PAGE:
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anonymous

  • 5 years ago

Help plz, Set up an equation to solve the following problem, and then solve it. On a sales trip, Irwin drove 330 miles averaging a certain speed. The return trip was at an average speed that is 11mph faster. Total time for the round trip was 11 hours. Find Irwin’s average speed on each part of the trip.

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  1. anonymous
    • 5 years ago
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    well, its not hard , what dont we know , what we do we need to find , assign them to variables

  2. radar
    • 5 years ago
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    Use distance equal rate times time.

  3. anonymous
    • 5 years ago
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    let x equal the "certain speed"

  4. anonymous
    • 5 years ago
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    so assume 330 miles for one way , that means in total he drove 660miles

  5. anonymous
    • 5 years ago
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    we know the total time was 11 but time = distance / speed time for first section = 330 / x times for second section = 330/ ( x+11) so ( 330/x) + [330 / (x+11) = 11

  6. anonymous
    • 5 years ago
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    \[\frac{330}{x} + \frac{330}{x+11} =11\]

  7. anonymous
    • 5 years ago
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    solve for x

  8. anonymous
    • 5 years ago
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    i c. Thanks

  9. anonymous
    • 5 years ago
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    it has two solutions x=-6, x=55 but because we are dealling with real world ( and yes, it says "speed", not velocity ) so a negative value is not allowed

  10. anonymous
    • 5 years ago
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    so x=55 means for first half average was 55mph, and for second half average was 66mph ( ie 55 +11 )

  11. radar
    • 5 years ago
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    Actually the average speed for the entire trip was 660/11 or 60 mi. So wouldn't that made the avg speed for the first part 54.5 mph and the second part 65.5?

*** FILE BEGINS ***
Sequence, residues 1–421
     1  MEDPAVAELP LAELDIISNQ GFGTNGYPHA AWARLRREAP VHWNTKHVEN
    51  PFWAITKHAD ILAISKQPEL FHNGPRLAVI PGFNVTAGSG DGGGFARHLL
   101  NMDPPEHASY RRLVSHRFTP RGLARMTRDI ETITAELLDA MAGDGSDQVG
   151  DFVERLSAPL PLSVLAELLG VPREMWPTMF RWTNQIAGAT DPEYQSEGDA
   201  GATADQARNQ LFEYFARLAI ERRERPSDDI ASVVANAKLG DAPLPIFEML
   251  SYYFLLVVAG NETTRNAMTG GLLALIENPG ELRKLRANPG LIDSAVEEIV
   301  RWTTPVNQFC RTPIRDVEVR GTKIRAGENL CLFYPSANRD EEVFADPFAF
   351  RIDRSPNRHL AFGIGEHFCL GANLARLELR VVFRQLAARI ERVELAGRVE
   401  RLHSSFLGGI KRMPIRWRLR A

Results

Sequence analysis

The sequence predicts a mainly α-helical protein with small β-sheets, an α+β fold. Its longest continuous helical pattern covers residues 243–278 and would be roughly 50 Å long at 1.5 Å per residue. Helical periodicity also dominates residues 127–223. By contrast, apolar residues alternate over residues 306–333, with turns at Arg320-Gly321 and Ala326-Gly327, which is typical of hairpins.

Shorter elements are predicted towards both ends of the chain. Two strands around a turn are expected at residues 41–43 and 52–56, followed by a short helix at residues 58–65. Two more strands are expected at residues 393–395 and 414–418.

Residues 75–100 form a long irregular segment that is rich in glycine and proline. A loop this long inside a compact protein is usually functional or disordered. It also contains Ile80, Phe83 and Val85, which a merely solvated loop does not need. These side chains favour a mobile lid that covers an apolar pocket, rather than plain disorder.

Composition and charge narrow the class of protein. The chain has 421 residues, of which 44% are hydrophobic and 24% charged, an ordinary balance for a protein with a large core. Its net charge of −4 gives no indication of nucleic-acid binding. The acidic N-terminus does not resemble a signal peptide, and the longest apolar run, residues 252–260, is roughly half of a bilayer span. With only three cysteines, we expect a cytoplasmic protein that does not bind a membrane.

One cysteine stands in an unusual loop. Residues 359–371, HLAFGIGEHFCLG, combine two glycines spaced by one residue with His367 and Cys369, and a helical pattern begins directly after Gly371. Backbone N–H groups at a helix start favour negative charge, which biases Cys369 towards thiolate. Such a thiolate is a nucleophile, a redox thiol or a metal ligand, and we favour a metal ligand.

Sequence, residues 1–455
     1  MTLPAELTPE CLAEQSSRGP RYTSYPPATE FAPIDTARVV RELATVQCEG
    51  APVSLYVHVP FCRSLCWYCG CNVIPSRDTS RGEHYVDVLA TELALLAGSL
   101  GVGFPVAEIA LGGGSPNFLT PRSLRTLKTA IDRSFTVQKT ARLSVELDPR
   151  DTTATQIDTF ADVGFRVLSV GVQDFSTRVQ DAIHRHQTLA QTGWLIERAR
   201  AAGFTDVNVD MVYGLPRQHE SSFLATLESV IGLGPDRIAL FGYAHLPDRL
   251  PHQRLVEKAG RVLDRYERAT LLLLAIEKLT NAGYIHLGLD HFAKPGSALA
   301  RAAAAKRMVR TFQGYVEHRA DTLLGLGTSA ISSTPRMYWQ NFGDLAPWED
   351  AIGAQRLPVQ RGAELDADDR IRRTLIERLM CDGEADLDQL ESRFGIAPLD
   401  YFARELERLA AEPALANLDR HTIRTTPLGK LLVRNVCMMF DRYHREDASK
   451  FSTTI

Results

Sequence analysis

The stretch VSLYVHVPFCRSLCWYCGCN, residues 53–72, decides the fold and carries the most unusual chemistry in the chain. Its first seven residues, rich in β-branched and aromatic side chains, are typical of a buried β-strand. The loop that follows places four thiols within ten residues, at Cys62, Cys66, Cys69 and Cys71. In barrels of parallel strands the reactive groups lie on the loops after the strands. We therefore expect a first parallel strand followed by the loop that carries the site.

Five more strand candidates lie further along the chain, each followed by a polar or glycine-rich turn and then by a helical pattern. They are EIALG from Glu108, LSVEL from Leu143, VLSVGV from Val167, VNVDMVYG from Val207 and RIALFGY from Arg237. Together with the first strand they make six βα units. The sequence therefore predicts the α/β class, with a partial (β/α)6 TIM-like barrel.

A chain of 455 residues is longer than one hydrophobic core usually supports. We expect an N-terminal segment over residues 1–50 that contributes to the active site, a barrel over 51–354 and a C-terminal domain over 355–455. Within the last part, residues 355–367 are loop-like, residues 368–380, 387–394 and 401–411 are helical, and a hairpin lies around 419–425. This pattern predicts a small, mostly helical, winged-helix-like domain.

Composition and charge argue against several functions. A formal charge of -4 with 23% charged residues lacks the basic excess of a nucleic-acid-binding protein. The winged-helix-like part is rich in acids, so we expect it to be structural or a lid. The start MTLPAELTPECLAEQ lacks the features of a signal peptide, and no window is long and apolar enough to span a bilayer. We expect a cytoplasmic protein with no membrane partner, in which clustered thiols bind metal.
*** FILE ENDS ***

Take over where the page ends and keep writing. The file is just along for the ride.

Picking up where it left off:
12. anonymous
    • 5 years ago
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    dnt think so

  13. radar
    • 5 years ago
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    The avg of 54.5 + 65.5 is 120/2=60

  14. anonymous
    • 5 years ago
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    firstly where did u magically get 54.5 and 65.5 from

  15. radar
    • 5 years ago
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    x + (x+11) 660 ---------- = ----- = 60 2 11

  16. radar
    • 5 years ago
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    Nothing magic about it.

  17. anonymous
    • 5 years ago
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    yes.... and.....?

  18. anonymous
    • 5 years ago
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    yes there is , there are alot of different ways to get two numbers to sum to 120 , why did you pick those two numbers? , theres no calculations to suggest why you chose thoise two

  19. anonymous
    • 5 years ago
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    ohh I think i see what you are doing now

  20. anonymous
    • 5 years ago
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    bit of a dangerous way to think

  21. radar
    • 5 years ago
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    x= first avg speed (certain speed) x+11 is the second avg speed (return trip Their sum divided by 2 equals the total avg speed 660/11 is also the total avg speed. Take it from there

  22. radar
    • 5 years ago
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    Just sayin your way seems correct just wondering why they dont come out the same. Did you round off or take a root of or whatever/

  23. anonymous
    • 5 years ago
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    no, the reason why they dont come out correct is because your way of thinking is wrong :P

  24. radar
    • 5 years ago
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    Well they came out close.lol gotta run

  25. anonymous
    • 5 years ago
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    :\, the average of a sum is not the sum of the avergaes

  26. radar
    • 5 years ago
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    Gotcha, I see the error of my logic.

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